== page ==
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EU economy forecast to grow quicker this year, but faces headwinds

Gross domestic product is anticipated to grow 5% year-on-year in the EU in 2021 and then 4.3% in 2022
HANDOUT - 14 June 2021, Belgium, Brussels: European Commission President Ursula von der Leyen attends a press conference after the presidents of the three main EU institutions signed a plan for a digital Covid-19 vaccine certificate. Photo: Daina Le Lardic/European Parliament/dpa - ATTENTION: editorial use only and only if the credit mentioned above is referenced in full
European Commission President Ursula von der Leyen. Photo: Daina Le Lardic/EU Parliament/File photo.

The EU economy is to grow faster than expected this year but high energy prices, supply chain issues and the possibility of a fresh surge in Covid-19 infections pose a significant risk, the European Commission said Thursday in its latest forecast.

Gross domestic product is anticipated to grow 5% year-on-year in the EU in 2021 and then 4.3% in 2022 - both in the whole EU and in the 19-member Eurozone currency zone.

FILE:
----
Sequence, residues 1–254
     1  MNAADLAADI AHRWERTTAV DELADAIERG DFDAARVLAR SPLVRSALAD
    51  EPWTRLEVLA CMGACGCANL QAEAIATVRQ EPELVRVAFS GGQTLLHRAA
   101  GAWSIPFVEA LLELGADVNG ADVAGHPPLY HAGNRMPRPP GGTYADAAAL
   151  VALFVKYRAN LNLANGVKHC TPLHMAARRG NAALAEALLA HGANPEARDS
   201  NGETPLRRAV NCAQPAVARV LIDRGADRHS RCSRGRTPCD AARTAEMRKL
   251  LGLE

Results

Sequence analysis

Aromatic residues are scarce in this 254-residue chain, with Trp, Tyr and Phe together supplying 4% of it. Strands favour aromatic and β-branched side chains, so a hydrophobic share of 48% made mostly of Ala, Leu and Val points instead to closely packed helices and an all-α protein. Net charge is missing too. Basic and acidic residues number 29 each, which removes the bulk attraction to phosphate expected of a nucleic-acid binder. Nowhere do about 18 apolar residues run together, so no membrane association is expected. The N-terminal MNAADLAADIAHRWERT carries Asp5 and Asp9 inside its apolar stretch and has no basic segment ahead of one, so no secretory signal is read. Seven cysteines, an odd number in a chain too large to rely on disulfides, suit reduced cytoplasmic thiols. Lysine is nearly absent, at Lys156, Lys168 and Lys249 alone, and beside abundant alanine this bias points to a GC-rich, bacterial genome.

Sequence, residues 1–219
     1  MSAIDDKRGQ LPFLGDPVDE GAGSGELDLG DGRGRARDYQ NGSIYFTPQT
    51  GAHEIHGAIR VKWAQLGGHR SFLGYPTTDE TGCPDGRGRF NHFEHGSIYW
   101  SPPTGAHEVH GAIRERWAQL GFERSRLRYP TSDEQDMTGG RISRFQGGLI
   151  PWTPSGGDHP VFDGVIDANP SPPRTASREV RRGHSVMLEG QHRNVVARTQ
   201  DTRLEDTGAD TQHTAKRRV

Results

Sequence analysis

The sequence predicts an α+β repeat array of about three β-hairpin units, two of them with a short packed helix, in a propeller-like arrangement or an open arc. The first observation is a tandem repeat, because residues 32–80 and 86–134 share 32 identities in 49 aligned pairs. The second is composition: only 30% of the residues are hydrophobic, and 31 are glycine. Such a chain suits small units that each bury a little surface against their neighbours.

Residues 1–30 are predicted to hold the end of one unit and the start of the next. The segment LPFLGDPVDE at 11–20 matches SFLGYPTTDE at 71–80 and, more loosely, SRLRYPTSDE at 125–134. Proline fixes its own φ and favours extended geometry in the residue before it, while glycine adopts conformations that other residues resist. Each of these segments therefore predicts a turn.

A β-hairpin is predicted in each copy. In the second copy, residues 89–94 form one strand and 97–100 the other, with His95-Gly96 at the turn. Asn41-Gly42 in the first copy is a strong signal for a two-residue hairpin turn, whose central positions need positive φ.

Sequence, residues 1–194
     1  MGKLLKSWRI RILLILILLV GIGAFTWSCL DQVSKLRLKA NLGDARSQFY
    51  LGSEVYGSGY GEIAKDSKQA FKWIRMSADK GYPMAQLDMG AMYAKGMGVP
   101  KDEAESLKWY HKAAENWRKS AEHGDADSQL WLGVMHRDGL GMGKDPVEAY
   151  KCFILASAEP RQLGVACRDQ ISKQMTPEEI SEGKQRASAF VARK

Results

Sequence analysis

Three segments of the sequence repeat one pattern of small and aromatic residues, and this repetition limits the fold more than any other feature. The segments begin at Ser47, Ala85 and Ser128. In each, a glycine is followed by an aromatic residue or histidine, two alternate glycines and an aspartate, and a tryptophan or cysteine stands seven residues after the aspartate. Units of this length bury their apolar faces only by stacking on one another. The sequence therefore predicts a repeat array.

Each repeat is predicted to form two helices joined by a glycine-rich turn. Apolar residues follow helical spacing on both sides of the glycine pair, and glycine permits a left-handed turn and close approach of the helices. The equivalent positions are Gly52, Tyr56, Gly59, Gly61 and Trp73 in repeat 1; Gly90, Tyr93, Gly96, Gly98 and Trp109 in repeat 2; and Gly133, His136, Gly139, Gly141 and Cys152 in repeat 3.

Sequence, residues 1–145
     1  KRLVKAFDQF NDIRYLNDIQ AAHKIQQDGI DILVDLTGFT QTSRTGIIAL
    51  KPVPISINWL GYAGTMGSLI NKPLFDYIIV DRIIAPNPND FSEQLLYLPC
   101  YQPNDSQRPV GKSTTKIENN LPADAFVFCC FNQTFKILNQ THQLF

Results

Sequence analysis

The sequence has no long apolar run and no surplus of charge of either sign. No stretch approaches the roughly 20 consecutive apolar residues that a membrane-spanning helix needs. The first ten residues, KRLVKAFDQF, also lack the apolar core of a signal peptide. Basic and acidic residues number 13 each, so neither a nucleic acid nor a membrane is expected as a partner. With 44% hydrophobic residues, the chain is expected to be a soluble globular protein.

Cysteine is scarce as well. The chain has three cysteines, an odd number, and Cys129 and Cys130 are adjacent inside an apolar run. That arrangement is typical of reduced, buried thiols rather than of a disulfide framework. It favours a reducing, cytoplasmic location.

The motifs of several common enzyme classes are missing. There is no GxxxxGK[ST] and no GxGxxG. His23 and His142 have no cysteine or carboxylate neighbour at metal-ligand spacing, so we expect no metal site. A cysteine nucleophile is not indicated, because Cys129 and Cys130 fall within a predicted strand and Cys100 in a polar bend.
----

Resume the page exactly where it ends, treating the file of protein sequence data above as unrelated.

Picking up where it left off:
“The European economy is moving from recovery to expansion but is now facing some headwinds,” European Economy Commissioner Paolo Gentiloni said in a statement.

The new 2022 forecast is slightly lower than the commission’s last prognosis from July, when growth was anticipated at 4.5%. The 2021 GDP growth forecast is slightly higher, however.

“Bottlenecks and disruptions in global supply are weighing on activity in the EU ... Moreover, after having fallen sharply in 2020, energy prices, particularly for natural gas, have increased at a tumultuous pace,” the commission said in a press release.

High inflation

The annual inflation rate, which is surging largely due to energy prices, reached historic heights of 4.1% in October in the 19-member eurozone, the commission noted, but stressed this was a "temporary" trend.

It is expected to peak at 2.4% this year, fall to 2.2% in 2022 and then 1.4% in 2023 in the eurozone.

The figures are marginally higher for the 27-member EU.

The generally rosy outlook faces several risks, including the reimposition of virus lockdowns – which the commission said “cannot be ruled out,” particularly in member states with low vaccination rates.

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